FIG. 6 is a diagram for showing the directivity characteristics of both antennas a1 and a2 in this case, and Table 2 is a table for showing the ratio between both directivity coefficient values according to the respective directivity coefficient values of both antennas and the arrival direction of the radio wave. Based on this table, it is possible to obtain basic data on azimuth angles with respect to the spatial position of an airplane.
Further, two polarization antennas a1 and a2 of a λ/2 dipole type are combined such that the pole elements of both antennas may be horizontal and parallel to each other so as for both receiving polarization planes to coincide with each other, and the antenna a1 has the directivity axis directed directly-upward in the vertical direction and the antenna a2 has the directivity axis inclined 30░ toward the sky with respect to the vertical axis. In the this case, the directivity characteristic diagram is given as shown in FIG. 7, and the directivity coefficient values and the ratio between both coefficient values are specified according to the spatial position of airplanes, as shown in Table 2.
Therefore, the point-blank passing time of the airplane can be measured by the time when the antenna a1 gives a peak value, and also the elevation angle with respect to the airplane position at the measuring point at that time can be obtained by the ratio between the output value of the antenna 2 at this time and the output value of the above described peak value.
A receiving device comprising the above described combination of two polarization antennas is useful mainly for measuring the passing time and the number of passing airplanes with regard to the passage of airplanes flying along a given air route. However, a plurality of these two antenna combinations can be combined to expand the measurable sky area and achieve the increased degree of measuring accuracy of the flight traveling direction and traveling azimuth angle of airplanes.
For example, in contrast to the set of the above described two polarization antennas a1 and a2 which each have polarization planes orthogonal to each other and directly-upward vertical directivity, if the antenna a1 and a2 each have directivity inclined toward the overhead sky in the four directions with respect to the vertical axis and each of the antennas a1 and a2 is combined with four polarization antennas which have receiving polarization planes overlapped with the receiving polarization planes of the antennas a1 and a2, that is, use of a total 10 channel type of receiving device, it is possible to perform measurement adaptable to all flight directions.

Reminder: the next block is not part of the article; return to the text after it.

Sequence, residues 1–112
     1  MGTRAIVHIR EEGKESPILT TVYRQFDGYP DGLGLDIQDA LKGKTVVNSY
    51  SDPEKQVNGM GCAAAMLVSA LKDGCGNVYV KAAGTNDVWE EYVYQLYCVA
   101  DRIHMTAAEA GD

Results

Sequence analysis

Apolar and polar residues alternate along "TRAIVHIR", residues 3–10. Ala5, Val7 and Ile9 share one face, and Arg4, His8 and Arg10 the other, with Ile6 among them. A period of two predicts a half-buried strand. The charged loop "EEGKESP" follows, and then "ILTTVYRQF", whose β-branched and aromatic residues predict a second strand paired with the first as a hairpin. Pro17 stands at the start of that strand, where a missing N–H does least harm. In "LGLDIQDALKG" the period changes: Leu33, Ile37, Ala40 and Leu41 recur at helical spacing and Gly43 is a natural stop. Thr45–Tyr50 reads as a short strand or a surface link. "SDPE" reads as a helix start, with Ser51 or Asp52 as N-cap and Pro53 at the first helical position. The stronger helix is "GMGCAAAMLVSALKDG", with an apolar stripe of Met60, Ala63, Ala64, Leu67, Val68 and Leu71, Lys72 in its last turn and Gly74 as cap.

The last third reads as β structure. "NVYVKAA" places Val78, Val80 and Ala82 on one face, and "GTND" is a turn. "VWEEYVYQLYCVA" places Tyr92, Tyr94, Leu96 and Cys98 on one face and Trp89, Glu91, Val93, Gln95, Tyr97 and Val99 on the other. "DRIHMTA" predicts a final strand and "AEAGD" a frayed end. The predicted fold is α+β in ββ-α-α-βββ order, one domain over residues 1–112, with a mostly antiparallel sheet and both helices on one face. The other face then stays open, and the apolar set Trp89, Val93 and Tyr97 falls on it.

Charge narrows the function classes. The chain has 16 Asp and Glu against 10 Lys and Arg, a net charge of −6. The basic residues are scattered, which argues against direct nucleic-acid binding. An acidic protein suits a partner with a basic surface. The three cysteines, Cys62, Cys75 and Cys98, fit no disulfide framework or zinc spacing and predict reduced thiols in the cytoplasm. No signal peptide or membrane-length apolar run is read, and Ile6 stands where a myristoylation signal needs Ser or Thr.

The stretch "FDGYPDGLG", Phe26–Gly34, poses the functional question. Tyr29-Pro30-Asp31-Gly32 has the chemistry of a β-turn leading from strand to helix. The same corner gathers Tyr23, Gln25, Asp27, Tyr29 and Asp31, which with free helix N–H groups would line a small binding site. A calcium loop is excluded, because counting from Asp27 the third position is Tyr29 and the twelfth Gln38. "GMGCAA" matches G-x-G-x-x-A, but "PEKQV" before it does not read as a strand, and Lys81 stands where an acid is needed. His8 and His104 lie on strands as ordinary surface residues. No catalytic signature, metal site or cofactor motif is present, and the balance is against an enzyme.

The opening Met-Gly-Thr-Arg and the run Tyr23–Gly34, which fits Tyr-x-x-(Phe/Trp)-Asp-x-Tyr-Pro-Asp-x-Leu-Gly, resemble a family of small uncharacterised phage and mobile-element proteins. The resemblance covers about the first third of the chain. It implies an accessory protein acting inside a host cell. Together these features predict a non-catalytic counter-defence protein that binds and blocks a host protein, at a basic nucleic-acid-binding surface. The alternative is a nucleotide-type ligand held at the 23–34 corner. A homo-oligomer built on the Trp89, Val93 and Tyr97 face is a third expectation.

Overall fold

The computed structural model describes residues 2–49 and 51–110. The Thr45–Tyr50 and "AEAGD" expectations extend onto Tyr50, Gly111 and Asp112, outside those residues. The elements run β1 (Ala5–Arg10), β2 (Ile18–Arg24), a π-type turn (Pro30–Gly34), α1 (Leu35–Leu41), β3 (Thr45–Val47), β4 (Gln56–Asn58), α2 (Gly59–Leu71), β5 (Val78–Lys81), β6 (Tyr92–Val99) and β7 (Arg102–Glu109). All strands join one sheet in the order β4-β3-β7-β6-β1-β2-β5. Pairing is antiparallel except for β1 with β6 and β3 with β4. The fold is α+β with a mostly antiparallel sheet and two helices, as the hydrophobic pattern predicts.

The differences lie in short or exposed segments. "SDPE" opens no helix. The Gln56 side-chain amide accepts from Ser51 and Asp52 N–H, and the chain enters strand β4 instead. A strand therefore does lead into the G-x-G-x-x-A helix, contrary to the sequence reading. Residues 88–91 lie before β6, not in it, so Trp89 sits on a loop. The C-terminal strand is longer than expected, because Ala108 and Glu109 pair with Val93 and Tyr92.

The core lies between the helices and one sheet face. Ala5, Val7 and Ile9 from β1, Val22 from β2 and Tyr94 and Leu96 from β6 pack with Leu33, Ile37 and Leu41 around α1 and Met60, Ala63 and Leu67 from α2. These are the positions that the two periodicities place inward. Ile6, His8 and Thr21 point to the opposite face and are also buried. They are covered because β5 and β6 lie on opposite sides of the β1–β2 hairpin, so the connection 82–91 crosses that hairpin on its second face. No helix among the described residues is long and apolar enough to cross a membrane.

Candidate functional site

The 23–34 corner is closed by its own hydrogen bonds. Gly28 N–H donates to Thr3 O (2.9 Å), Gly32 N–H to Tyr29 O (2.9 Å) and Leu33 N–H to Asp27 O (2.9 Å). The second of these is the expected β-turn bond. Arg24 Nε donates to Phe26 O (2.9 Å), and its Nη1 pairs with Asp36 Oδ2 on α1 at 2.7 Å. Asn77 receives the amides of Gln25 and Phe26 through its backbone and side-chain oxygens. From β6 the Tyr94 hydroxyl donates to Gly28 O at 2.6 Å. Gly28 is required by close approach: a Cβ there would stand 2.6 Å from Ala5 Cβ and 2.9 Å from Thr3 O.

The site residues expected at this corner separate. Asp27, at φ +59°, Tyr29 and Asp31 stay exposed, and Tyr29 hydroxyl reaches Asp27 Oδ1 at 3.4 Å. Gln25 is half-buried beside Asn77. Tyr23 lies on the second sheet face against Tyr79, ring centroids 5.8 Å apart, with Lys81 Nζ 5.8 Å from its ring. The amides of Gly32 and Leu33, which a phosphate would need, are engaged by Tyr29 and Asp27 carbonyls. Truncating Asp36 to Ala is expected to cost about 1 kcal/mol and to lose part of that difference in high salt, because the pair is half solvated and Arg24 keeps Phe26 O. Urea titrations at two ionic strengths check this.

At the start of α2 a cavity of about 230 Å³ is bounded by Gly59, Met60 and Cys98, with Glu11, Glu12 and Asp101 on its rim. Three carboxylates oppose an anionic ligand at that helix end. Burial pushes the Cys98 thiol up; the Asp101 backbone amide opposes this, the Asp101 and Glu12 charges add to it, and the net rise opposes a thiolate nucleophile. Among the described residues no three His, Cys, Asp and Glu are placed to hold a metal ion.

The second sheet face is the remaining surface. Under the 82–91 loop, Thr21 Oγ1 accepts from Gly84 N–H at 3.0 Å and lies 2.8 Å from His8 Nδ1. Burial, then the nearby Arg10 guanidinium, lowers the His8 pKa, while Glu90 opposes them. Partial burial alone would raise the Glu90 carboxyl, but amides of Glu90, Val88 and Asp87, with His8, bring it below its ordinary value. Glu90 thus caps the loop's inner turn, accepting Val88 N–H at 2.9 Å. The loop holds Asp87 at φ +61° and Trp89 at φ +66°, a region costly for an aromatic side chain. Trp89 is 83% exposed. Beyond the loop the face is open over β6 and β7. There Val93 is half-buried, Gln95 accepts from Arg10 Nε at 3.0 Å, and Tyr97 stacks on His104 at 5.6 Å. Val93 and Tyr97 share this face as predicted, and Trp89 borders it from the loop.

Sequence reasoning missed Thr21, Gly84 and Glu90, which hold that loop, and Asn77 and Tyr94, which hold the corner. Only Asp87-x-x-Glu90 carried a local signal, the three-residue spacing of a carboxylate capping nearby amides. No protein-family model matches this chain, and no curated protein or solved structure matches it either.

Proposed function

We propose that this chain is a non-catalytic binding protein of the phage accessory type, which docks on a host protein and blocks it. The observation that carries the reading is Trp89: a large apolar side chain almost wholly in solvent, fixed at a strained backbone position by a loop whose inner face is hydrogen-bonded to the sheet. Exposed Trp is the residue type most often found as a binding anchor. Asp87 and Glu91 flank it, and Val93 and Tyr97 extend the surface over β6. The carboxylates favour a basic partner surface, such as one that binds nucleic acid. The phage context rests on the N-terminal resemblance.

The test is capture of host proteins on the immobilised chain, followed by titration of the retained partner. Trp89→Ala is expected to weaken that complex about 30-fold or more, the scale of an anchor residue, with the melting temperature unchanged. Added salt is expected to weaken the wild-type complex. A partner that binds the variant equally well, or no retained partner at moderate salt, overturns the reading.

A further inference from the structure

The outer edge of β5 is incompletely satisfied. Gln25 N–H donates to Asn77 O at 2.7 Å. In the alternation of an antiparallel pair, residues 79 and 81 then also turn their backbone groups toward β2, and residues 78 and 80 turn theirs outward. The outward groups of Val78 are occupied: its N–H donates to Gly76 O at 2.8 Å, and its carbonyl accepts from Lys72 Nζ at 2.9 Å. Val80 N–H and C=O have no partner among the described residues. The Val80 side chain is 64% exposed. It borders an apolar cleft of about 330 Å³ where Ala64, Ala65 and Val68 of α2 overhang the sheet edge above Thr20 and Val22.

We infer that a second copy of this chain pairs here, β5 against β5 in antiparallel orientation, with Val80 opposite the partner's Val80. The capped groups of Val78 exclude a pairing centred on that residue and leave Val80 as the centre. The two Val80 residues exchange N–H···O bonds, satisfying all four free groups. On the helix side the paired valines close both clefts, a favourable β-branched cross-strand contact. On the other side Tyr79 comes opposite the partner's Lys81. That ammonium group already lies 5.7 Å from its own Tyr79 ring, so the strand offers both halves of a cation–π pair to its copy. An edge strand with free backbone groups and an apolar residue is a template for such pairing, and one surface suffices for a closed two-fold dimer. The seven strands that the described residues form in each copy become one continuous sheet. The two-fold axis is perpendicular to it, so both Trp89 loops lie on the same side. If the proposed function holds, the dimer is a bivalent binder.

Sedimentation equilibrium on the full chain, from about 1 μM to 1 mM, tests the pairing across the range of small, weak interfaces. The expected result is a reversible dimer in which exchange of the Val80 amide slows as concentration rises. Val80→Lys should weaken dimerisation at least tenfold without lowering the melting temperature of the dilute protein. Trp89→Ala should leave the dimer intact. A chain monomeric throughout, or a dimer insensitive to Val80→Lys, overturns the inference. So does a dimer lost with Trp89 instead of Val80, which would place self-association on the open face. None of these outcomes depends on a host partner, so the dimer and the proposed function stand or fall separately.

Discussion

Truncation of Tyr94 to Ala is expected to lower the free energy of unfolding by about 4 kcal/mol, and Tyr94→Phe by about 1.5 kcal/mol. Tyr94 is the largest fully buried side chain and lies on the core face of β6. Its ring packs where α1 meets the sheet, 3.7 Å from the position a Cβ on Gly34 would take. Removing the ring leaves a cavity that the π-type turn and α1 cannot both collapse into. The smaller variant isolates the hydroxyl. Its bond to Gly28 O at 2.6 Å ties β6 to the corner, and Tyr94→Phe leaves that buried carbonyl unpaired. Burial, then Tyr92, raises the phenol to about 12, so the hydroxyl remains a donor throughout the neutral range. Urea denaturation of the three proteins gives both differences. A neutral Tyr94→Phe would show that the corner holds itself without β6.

However, in this case, processing of data received by the 10 channels becomes complicated, thereby causing a problem of increased cost of the receiving device and computer equipment.
Practically, 6 polarization antennas are combined and placed to configure a 6 channel type of receiving device, wherein two of them have directly-upward directivity axes and polarization planes orthogonal to each other, and other four antennas have the same receiving polarization plane as one of the above described directly-upward-directional antennas and are inclined such that their directivity axes may be respectively spread out toward the overhead sky so as to divide the sky into four parts. Thus, the 6 channel type of receiving device inputs, to a computer, respective changes in electric field intensity level of the terrain clearance measuring radio wave of an airplane, whereby together with the point-blank passing time of the airplane, data on the azimuth angle and elevation angle with respect to the spatial position of the airplane at that time as well as the flight traveling direction thereof can be measured. This measurement can be economically and effectively performed mainly for measuring airplanes flying along a prescribed air route.
Further, the time for measuring an airplane model identifying signal obtained by receiving a transponder response signal transmitted from the airplane and the respective data obtained by flight altitude measurement and sound noise measurement is tailored to coincide with the measurement of the above described point-blank passing time obtained by receiving the terrain clearance measuring radio wave. Thereby, reliability of various measurements on individual airplanes can be increased, and particularly selecting of airplane-produced sound noise from the sound noise can be very accurately and easily performed.
In this case, the receiving point for the terrain clearance measuring radio wave, the receiving point for the transponder response signal, and the measuring point for the sound noise may be the same spot or different spots separated from each other.
Then, a plurality of measuring points for point-blank passing time are distributed and provided, with 2-4Km spacing provided between the measuring points, on the ground including an area located directly below the air route. Further, a plurality of sound noise-measuring points are distributed and arranged at required positions between the point-blank passing time-measuring points, and furthermore a transponder response signal-receiving point is provided at an arbitrary spots. In this manner, the data measured at those spots are collected to a central aggregation office, thereby permitting accurate and easy measurement of the flight conditions, flight courses and the like of airplanes and the situations of distribution of sound noise produced over a given area by the airplanes.
In the present invention, the changes in electric field intensity level of the terrain clearance measuring radio wave obtained by the directly-upward-directional antenna shows intensity change starting to be received 5 to 10 seconds before the point-blank passing time of airplanes and abruptly rising about 2 to 3 seconds before the passing time, wherein the airplane are at an altitude equal to or less than 2000 m and have the potential for effecting sound noise on the measuring point. Therefore, a camera having a photography field directed in the directly-upward direction is provided at a spot located directly below the air route and the time of its initiation is controlled by using, as the trigger, a given intensity value of the rising electric field intensity of the terrain clearance measuring radio wave, thereby permitting easy collection of effective airplane passage records.